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Lecture 5

NURS 364 Lecture Notes - Lecture 5: Hiatus Hernia, Vitamin B12, Gastric Mucosa


Department
Nursing
Course Code
NURS 364
Professor
Deborah Van Kuiken
Lecture
5

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Alterations of Digestive Function
Review of the GI tract
Neural Control & Motility
Autonomic nervous system
Parasympathetic- increases actiivity
Innervate the stomach, small intestine, cecum, ascending colon, and transverse
colon occurs by way of the vagus nerve
Sympathetic- slows things down
Controls mucus secretion by the mucosal glands
Reduces motility
Enhances sphincter function
Increases the vascular smooth muscle tone of the blood vessels that supply the
GI tract.
Neural Control & Motility
Enteric nervous system
Over half of the nerve cells in your body are located in the gut.
Your “gut brain” is also able to learn and produce emotion-based feelings.
Governs many GIT functions without external innervations (modulation only)
motility
secretion
growth regulation
collaboration with immune system on defense
Gastrointestinal Hormones
GI tract is the largest endocrine organ in the body.
Gastrin
Stimulation of gastric acid secretion
Growth production of mucosa
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Motilin
Stimulates peristalsis
Intrinsic factor
Absorption of Vitamin B12 (Cyanocobalamin)
Cholecystokinin
Stimulates pancreas
Regulates GB secretion
Gastric emptying
Disorders of Motility
Disorders of Motility
The act of swallowing depends on the coordinated action of the tongue and pharynx.
These structures are innervated by cranial nerves V, IX, X, and XII.
Esophagus
Muscular tube connecting the pharynx to the stomach
Disorders of Motility
Dysphagia (difficulty swallowing)
Mechanical obstructions
Narrowing of the esophagus.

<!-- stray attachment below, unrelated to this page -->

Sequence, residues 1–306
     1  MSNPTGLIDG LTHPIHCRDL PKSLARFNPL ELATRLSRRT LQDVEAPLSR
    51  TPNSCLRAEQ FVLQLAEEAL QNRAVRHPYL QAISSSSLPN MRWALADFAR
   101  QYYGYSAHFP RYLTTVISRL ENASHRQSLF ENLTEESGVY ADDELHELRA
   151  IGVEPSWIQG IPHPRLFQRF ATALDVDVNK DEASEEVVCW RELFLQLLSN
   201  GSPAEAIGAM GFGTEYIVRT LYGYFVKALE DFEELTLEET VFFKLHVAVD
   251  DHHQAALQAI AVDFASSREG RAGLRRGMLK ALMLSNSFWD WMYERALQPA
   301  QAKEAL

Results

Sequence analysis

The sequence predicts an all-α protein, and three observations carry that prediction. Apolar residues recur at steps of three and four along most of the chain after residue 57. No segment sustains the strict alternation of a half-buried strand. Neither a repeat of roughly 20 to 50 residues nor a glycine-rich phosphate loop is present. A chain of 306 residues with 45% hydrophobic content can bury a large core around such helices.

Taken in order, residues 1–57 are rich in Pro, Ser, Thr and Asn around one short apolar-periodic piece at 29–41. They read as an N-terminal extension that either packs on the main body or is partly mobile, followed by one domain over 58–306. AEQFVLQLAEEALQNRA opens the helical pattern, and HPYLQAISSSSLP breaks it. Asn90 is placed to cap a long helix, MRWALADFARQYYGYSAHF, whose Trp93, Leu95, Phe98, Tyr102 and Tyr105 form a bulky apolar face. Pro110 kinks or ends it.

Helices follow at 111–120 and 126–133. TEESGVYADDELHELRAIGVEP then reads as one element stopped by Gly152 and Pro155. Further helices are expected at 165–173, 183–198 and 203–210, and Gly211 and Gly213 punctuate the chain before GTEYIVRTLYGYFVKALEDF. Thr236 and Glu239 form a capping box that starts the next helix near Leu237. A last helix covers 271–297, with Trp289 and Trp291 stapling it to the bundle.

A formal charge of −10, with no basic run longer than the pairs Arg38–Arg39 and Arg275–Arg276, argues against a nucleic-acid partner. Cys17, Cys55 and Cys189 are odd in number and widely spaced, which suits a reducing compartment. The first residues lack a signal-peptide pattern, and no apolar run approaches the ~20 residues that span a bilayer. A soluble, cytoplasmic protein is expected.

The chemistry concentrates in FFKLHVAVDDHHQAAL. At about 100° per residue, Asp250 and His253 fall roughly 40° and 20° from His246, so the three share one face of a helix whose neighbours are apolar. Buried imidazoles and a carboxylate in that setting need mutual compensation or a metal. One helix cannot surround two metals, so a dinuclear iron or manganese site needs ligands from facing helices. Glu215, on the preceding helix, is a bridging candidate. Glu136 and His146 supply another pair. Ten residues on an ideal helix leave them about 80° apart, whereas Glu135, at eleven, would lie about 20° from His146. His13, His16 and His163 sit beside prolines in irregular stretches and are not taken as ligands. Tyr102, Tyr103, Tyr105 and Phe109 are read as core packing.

Strictures: do to scarring from inflammatory disorders (GERD)
Cancer of the esophagus
Tumor
Functional obstructions
Neural or muscular
Achalasia - Denervation of smooth muscle in the esophagus and lower
esophageal sphincter relaxation
CVA cranial nerves that control swallowing
Parkinson’s disease
Disorders of Motility
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Clinical Manifestations:
Pain at the level of obstruction
Food and fluid accumulate in esophagus
Dilation of lower esophagus
Risk for aspiration--- try to drink something to wash it down which increases
the risk
One of the complications of GERD is aspiration, which is a possible/likely outcome?
A. Asthma /chronic bronchitis--- asthma and GERD are somewhat linked. It’s inflammation of the
bronchus. If we are aspirating we will see it in bronchus
B. Emphysema--- more with smoking
C. Pleural effusion--- out in pleural space
D. Tamponade --- with heart
Gastro-Esophageal Reflux Disease (GERD)
Refers to the backward movement of gastric contents (chyme, acid,
pepsin) into the esophagus due to defective lower esophageal
sphincter--- only partial reflux of stomach contents into the
esophagus… esophagus pH= 5-7 stomach pH= 2 so stomach has ways
to protect against acid but esophagus does not so problems can
happen
Persistent gastro-esophageal reflux produces mucosal damage & leads to strictures r/t
edema, scarring, and spasm of the esophagus
Gastro-Esophageal Reflux Disease (GERD)
Severity of the esophagitis depends on:
Composition of the chyme
Acidic? pancreatic enzymes? Bile?
Length of contact with the esophageal mucosa
Gastro-Esophageal Reflux Disease (GERD)
Etiology & Risk factors
Lower Esophageal Sphincter (LES): decreased tone and pressure
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